Causes of Conflicts and Dispute

Disputes and conflicts can be caused by many things: simple misunderstandings, competition for scarce resources, conflicts of interests, feelings of injustice or denied rights or needs, and struggles for status or power. Typically, disputes are simpler: they have fewer underlying causes and these causes can be relatively easily resolved.


For example, many disputes are created when one person says something and another interprets it in a way it was not intended. If the recipient of the « negative » comment gets angry and lashes back, the conflict can escalate. But if the recipient uses active listening to clarify what was said, the dispute can often be solved relatively quickly and easily. Or if a dispute is caused by an apparent conflict of interest, it can often be solved using interest-based bargaining, where positions are distinguished from interests, and the parties cooperate to find areas of mutual gain. This doesn’t always work, of course, but it often does–and if it doesn’t, enlisting the assistance of a third party (a mediator, for example) will often help facilitate reaching a settlement.


Conflicts generally have deeper, and more complex causes. As discussed in the previous article, those causes often include fundamental moral disagreements, high-stakes distributional conflicts (that are not amenable to a win-win solution), and status or power conflicts. As conflicts escalate, any tangible issues may become embedded within a larger set of values, beliefs, identities, andcultures. Disputes about land, money, or other resources may take on increased symbolic significance.[1] Over the course of conflict, the original issues can even become irrelevant as new causes for conflict are generated by actions within the conflict itself. Those on opposing sides come to view each other as enemies and may resort to highly destructive means. Eventually, the parties become unable to separate different issues and may see no way out of the conflict other than through total victory or defeat.[2]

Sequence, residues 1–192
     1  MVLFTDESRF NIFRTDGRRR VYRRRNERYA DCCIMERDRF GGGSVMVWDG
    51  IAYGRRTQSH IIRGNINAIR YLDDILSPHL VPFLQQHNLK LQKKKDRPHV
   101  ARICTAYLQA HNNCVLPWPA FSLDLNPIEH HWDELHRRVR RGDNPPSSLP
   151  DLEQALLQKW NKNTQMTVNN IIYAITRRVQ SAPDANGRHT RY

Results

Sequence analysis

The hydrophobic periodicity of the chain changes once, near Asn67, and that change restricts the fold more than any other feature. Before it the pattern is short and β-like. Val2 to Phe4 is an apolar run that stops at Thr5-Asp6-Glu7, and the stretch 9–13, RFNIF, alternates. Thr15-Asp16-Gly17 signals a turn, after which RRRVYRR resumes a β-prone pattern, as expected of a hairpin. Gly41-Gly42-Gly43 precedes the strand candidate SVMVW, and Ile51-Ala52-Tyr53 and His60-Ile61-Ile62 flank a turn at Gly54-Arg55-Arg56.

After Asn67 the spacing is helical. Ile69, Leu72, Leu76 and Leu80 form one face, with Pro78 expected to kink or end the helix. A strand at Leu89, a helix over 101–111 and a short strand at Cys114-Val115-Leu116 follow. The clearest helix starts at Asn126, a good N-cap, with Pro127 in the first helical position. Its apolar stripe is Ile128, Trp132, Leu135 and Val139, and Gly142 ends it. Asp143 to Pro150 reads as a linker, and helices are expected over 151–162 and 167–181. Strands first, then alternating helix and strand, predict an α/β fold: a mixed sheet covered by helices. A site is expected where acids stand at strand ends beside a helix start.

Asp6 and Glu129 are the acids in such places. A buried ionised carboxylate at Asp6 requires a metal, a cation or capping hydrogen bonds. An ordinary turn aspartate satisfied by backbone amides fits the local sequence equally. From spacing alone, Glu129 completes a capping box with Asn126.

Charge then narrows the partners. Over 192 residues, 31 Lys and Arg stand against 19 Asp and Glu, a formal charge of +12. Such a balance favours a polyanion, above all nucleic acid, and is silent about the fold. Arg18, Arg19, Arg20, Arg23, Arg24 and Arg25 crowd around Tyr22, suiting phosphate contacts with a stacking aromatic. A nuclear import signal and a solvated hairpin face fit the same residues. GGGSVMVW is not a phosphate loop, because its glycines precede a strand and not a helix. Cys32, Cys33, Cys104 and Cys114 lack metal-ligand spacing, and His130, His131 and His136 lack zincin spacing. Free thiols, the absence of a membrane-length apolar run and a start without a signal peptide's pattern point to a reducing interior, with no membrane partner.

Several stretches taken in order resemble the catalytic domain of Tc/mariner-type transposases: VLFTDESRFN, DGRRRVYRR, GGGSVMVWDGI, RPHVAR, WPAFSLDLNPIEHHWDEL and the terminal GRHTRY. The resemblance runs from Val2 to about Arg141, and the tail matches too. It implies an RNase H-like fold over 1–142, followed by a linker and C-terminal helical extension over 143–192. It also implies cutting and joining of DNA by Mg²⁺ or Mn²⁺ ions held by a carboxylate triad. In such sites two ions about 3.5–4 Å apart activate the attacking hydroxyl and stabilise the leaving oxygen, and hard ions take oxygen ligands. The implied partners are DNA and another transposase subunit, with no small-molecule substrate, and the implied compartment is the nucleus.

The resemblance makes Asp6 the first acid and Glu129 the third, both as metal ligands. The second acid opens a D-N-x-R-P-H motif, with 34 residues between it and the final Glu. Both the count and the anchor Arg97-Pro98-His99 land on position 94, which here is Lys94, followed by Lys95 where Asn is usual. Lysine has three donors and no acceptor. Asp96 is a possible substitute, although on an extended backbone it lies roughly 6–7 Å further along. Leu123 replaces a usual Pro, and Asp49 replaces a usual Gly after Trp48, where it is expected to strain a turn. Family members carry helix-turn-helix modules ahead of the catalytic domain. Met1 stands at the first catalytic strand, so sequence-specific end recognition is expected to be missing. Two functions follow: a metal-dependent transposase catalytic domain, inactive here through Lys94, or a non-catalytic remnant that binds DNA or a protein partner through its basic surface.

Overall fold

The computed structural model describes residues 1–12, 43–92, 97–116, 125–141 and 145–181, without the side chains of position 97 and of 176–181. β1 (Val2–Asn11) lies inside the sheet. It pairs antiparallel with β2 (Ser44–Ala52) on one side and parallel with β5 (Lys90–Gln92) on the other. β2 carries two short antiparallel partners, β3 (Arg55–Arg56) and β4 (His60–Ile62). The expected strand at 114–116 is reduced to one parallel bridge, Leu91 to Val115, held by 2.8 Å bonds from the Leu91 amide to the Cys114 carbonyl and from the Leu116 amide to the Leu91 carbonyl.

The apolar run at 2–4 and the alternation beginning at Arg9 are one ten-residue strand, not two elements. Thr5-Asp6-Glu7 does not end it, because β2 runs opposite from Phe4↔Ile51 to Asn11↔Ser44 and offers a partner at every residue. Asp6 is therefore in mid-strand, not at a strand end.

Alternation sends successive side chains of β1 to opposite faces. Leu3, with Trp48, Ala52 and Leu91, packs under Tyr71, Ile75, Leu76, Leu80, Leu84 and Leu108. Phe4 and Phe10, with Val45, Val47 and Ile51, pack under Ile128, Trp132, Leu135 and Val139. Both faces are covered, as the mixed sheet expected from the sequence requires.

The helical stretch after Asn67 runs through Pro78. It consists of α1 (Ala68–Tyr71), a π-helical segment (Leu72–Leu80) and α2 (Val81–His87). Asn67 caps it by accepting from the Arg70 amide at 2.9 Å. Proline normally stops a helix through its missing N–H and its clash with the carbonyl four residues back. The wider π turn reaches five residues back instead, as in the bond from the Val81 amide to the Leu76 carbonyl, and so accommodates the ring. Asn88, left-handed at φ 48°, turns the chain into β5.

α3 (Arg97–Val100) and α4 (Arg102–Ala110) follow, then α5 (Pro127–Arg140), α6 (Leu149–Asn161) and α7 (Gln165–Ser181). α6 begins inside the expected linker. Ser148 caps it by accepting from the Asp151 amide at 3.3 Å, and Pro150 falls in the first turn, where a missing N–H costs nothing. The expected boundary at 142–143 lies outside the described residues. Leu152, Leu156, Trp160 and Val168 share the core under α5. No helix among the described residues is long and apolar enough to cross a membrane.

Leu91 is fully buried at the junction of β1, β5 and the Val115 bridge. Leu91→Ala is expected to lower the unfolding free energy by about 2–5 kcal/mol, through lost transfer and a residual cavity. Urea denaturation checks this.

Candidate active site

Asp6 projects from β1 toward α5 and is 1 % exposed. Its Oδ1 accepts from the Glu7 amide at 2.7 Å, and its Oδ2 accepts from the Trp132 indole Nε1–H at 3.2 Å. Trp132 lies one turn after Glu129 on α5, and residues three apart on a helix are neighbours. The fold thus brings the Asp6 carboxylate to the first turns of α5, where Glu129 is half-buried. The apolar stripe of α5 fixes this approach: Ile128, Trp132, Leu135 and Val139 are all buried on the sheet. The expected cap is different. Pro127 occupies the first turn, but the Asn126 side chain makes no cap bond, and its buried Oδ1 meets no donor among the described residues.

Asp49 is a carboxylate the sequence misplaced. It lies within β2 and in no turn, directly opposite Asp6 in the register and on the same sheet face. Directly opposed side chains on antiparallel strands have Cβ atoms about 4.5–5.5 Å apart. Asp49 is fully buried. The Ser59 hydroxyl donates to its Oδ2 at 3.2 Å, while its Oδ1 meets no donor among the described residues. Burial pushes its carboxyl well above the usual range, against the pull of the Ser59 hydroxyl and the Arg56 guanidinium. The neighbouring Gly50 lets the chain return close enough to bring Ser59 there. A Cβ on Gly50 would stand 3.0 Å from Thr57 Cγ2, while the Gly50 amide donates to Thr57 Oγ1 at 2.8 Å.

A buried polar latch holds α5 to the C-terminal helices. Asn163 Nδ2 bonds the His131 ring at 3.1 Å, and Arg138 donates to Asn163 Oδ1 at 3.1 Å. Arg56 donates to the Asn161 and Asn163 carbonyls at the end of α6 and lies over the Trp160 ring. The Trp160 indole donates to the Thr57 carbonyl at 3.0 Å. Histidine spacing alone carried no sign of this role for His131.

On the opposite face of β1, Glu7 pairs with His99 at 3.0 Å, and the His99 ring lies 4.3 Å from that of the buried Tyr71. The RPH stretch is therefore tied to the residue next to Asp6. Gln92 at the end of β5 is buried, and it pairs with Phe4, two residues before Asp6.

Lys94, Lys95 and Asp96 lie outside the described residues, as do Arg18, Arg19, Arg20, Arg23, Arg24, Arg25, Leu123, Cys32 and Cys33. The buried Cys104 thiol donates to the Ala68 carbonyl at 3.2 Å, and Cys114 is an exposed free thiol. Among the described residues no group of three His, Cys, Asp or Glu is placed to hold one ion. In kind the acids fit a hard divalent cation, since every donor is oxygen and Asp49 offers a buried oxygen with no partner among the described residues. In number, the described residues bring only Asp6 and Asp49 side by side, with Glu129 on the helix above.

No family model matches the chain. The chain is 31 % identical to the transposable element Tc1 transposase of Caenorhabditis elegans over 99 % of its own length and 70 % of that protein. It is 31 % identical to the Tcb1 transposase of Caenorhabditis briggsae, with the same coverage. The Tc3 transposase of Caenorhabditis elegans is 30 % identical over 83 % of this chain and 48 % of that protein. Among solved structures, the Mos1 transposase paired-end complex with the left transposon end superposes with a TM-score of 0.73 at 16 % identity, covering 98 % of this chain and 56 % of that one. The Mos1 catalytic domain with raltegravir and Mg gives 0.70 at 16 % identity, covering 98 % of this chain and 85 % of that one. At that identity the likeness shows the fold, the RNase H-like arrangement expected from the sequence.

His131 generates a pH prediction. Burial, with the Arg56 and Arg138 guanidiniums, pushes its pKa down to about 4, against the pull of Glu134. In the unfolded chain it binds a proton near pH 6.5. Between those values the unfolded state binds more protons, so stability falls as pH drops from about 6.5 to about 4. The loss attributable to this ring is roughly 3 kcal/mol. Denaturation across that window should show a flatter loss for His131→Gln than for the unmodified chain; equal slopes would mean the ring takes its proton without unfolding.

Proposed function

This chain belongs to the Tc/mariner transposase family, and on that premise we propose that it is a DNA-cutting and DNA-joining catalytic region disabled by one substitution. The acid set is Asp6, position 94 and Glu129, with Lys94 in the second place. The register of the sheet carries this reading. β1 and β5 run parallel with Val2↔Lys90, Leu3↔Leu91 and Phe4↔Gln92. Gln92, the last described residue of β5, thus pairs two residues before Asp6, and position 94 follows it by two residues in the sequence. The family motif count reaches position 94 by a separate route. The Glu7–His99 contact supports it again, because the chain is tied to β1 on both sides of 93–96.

This degree of escalation often makes conflicts intractable–meaning they remain unresolved for long periods of time and then become stuck at a high level of intensity and destructiveness. They typically involve many parties and concern an intricate set of historical, religious, cultural, political, and economic issues.[3] These matters are central to human social existence and typically resist any attempts at resolution. In fact, parties often refuse to negotiate or compromise with respect to such issues. As a result, each side views the rigid position of the other as a threat to its very existence. They may develop a mutual fear of each other and a profound desire to inflict as much harm on each other as possible.[4] What are the underlying causes of these destructive conflict dynamics?


What is common to all intractable conflicts is that they involve interests or values that the disputants regard as critical to their survival. These underlying causes include parties’ moral values, identities, and fundamental human needs. Because conflicts grounded in these issues involve the basic molds for thought and action within given communities and culture, they are usually not resolvable by negotiation or compromise.[6] This is because the problem in question is one that cannot be resolved in a win-win way. If one value system is followed, another is threatened. If one nation controls a piece of land, another does not. If one group is dominant, another is subordinate.


While sharing is possible in theory, contending sides usually regard compromise as a loss. This is especially true in societies where natural fear and hatred is so ingrained that opposing groups cannot imagine living with or working cooperatively with the other side. Instead, they are often willing to take whatever means necessary to ensure group survival and protect their way of life. Below are brief summaries of some of the central underlying causes of intractable conflict. These causes are also causes of much simpler disputes and tractable conflicts as well. Intractability becomes increasingly likely as more of these factors are present.